fields. But, hidden just below the green flag leaves are stooping panicles heavy with round fat grains―making the grains less conspicuous to birds. “BRRI dhan47 is not a lodging type,” said Dr. Islam. “It remains erect when some varieties bend over from the force of a strong wind. “The farmers also like its long stalks of 100–110 centimeters, which stay green even at maturity, because they use them as feed for their cattle and roof thatches for their homes,” he added. BRRI dhan47 also made its mark in helping the lives of Bangladeshi farmers when cyclone Aila decimated the rice fields in the southern part of the country in 2009. Aila brought with her sea water that encroached on ponds and rivers. “Some fields remained flooded by sea water for some time, thus increasing the salinity in the soil,” Dr. Islam said. The variety was then considered as a solution by the United Nations Food and Agriculture Organization (FAO) to help Bangladeshi farmers recover from the disaster. FAO, through the Department of Agricultural Extension, distributed 62.5 tons of BRRI dhan47 seed to 15,000 farm households affected by the cyclone. Afterward, an FAO-commissioned study assessed the performance of BRRI dhan47 in the Aila-affected southern region.3 The results showed that BRRI dhan47 did perform well. Being able to tolerate salinity up to 12 deci-Siemens

“Humble” rice

Aside from its yield, farmers prefer BRRI dhan47 because of its erect flag leaves. Dr. Gregorio described it as a “humble” variety. At a distance, the grains are not noticeable at once because of the crop’s green, erect flag leaves on top of the rice

To the rescue

SAlInIty-tolerAnt BrrI dhan47 is not a lodging type, has erect flag leaves, which hide its grains from the birds, and long, green stalks that can be used as roof thatches and feed for the cattle. It can yield 4.0 to 7.2 tons per hectare.


Islam SMF. 2010. Impact Assessment Report of TCP/BGD/3204(E): A Focus on Performance Assessment of BRRI dhan47 in the South. Dhaka. FAO. 42 p.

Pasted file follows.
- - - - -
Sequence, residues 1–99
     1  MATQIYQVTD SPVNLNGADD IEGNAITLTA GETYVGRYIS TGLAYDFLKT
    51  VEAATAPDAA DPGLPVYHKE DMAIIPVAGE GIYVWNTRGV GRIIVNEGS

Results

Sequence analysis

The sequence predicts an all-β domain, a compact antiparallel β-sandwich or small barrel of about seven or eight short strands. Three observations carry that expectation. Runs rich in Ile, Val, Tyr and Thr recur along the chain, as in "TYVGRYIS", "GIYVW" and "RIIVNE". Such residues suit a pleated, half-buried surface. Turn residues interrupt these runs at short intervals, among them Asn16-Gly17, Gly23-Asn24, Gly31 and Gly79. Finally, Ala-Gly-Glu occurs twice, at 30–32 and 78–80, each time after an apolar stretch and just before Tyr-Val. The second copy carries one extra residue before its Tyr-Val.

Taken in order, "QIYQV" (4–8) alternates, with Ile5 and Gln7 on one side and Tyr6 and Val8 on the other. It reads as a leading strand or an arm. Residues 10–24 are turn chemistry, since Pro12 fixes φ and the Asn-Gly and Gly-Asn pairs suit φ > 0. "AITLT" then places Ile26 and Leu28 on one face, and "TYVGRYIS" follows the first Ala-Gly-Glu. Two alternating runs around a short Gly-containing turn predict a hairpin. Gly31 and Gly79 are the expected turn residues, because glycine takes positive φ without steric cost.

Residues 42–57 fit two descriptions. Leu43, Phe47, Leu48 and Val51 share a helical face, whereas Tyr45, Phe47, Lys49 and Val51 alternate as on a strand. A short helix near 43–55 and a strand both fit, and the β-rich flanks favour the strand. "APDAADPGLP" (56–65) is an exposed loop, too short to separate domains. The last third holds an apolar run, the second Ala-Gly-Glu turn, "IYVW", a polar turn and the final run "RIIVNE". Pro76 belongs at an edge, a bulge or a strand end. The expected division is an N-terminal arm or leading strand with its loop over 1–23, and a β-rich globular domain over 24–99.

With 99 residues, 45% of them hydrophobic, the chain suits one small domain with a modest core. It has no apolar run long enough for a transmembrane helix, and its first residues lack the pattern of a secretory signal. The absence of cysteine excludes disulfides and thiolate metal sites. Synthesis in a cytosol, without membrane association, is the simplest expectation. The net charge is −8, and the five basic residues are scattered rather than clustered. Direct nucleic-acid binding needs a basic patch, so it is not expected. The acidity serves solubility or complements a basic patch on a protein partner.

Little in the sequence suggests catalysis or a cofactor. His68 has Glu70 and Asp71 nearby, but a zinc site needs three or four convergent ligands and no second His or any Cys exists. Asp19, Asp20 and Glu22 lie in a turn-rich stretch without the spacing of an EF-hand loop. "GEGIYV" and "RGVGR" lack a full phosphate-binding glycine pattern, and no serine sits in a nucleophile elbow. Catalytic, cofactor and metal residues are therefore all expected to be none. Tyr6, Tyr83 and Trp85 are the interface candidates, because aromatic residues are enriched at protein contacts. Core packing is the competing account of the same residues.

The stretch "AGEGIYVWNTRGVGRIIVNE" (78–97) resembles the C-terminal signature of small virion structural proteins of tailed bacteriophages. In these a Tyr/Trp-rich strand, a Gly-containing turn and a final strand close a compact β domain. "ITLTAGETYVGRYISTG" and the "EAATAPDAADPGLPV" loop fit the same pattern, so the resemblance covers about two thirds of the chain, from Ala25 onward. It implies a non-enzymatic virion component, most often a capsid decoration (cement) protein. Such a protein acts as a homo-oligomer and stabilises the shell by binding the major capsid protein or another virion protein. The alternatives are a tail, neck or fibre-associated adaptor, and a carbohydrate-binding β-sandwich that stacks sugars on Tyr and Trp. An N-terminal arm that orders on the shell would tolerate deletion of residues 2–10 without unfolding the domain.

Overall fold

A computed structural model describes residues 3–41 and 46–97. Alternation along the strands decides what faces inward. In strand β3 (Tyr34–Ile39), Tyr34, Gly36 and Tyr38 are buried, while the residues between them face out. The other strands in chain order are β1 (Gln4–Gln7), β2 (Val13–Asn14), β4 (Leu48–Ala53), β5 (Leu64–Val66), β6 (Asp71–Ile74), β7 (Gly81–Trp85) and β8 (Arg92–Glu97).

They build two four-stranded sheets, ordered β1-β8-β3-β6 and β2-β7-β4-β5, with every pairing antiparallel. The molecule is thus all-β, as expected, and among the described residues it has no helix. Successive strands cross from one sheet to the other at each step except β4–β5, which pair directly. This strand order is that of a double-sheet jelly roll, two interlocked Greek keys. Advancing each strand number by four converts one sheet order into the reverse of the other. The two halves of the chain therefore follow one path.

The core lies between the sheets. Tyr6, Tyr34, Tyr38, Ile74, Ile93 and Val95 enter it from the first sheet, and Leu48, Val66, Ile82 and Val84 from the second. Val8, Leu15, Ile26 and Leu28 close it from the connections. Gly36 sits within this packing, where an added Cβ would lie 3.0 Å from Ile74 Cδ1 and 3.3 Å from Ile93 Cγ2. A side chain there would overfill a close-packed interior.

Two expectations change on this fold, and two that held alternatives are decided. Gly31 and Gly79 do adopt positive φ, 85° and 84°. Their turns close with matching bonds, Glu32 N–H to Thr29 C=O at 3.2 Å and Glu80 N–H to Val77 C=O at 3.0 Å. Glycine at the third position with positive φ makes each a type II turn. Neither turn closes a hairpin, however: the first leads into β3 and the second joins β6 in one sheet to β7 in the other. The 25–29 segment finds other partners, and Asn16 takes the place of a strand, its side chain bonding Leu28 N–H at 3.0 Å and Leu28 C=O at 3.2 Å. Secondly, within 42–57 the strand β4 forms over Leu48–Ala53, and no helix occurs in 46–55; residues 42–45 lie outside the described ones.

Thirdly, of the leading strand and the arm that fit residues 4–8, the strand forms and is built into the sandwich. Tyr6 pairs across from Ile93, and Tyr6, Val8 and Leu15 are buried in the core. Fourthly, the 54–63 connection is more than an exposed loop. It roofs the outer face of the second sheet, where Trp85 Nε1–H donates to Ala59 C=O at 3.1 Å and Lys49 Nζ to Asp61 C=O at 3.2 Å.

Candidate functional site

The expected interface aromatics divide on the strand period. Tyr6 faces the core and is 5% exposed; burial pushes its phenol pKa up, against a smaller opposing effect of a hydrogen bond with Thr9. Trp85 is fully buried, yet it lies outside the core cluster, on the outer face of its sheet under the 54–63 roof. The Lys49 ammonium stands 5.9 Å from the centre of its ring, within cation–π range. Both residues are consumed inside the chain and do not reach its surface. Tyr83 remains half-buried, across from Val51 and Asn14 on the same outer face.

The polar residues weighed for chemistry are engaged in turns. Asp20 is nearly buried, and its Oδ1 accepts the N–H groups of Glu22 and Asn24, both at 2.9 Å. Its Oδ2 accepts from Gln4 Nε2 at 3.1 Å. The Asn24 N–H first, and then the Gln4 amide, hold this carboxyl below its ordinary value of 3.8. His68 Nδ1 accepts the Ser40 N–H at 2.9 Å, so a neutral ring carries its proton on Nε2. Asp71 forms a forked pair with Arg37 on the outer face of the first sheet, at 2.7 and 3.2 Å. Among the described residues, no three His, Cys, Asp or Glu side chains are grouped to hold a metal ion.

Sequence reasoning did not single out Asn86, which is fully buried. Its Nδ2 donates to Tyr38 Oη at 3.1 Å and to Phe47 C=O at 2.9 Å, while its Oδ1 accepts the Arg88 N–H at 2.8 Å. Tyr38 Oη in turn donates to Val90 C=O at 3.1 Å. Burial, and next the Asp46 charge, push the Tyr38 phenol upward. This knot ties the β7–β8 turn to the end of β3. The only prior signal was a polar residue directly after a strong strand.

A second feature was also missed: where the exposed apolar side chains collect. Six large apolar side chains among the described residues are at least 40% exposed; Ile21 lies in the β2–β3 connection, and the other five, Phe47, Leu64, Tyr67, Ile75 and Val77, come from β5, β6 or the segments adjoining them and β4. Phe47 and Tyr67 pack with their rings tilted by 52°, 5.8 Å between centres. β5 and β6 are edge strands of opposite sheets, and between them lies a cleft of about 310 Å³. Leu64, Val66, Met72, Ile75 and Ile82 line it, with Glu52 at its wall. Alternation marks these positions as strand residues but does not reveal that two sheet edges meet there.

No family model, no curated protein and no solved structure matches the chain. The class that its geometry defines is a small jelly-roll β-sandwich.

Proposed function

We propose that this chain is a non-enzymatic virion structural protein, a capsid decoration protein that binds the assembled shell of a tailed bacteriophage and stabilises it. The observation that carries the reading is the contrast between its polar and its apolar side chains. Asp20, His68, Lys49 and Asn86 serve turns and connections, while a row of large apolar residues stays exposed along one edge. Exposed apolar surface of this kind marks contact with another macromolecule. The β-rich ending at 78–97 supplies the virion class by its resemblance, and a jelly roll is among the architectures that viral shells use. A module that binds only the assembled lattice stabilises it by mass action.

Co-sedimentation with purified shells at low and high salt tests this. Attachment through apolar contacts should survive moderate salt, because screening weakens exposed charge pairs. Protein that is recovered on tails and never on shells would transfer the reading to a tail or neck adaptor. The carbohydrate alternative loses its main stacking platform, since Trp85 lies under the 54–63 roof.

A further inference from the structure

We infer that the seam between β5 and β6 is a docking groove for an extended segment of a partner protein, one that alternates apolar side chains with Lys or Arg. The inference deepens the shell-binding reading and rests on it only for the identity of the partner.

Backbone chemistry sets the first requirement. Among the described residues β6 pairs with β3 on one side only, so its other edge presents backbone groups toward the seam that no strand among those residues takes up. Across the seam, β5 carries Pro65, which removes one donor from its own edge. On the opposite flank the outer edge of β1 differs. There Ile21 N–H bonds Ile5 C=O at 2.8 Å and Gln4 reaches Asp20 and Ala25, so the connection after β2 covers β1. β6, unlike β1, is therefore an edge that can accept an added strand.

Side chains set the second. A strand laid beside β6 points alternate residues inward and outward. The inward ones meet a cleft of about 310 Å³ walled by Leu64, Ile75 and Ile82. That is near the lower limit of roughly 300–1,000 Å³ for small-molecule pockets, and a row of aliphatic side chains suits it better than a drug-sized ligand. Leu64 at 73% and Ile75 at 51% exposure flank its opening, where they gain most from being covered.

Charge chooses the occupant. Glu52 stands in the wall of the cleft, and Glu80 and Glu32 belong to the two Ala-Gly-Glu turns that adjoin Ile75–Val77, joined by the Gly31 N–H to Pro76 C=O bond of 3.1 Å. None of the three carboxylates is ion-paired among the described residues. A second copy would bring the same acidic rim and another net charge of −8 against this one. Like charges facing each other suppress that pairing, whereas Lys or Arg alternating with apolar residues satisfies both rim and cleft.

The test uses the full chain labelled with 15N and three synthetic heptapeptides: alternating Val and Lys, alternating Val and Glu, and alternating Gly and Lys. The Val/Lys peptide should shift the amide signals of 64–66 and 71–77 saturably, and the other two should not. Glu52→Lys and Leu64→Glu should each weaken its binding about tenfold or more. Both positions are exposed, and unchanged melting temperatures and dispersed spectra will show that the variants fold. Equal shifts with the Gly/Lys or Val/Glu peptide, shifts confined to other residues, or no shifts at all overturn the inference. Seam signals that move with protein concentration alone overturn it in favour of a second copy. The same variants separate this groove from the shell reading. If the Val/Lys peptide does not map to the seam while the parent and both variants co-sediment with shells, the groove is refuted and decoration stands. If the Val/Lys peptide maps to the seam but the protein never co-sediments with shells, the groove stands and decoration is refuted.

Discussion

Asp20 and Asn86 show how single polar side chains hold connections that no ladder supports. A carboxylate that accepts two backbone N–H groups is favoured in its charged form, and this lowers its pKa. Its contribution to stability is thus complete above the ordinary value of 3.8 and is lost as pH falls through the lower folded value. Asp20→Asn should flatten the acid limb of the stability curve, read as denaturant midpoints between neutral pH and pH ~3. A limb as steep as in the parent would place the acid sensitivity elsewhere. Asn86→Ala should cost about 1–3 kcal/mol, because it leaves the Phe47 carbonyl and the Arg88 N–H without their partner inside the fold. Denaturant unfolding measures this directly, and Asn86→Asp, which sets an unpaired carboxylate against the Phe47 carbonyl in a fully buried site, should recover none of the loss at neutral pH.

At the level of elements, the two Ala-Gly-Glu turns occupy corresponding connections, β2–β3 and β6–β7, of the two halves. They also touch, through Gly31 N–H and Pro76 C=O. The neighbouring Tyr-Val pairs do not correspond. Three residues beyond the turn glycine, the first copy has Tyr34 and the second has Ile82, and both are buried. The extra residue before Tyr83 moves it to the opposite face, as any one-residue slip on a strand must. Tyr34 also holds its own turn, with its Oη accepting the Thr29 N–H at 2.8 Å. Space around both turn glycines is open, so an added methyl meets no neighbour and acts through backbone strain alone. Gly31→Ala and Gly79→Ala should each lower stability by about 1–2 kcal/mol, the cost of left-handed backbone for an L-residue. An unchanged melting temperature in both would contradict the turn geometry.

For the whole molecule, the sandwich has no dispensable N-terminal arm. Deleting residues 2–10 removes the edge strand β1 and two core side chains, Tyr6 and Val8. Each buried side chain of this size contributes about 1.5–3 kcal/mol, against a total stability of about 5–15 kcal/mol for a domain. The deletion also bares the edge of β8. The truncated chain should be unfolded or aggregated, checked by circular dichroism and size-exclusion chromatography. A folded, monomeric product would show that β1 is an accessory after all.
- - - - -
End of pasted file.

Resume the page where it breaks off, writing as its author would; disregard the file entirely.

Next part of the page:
Rice Today July-September 2011

per meter, the variety was able to give farmers a good harvest that ranged from 4.0 to 7.2 tons per hectare, with an average of 5.5 tons. It is found to be profitable, with an average net return of 35,693 taka ($483) per hectare and a mean benefit-cost ratio of 1.73.4

Version 2.0

Without a doubt, BRRI dhan47 has made a positive impression on farmers. But, “BRRI dhan47 is not a perfect variety,” stated Dr. Gregorio. “Just like an electronic gadget, it is just the ‘first model.’ The next variety will be even better.” Achieving a better model, however, requires knowledge of what farmers like or how farmers define a “better” variety. This is why IRRI plant breeders, along with their national partners, involve farmers in a process called participatory varietal selection (PVS). Through PVS, plant breeders were able to learn that, aside from salinity tolerance, farmers in Satkhira prefer the long, slender type of rice grains, while farmers in Sonagazi like short, bold ones. Farmers also favor the nonshattering type of variety because they carry newly harvested panicles from their fields to be threshed at their homes. Although farmers are satisfied with the amount of rice that BRRI dhan47 yields, it goes without saying that farmers desire a better-yielding salinity-tolerant variety in the future.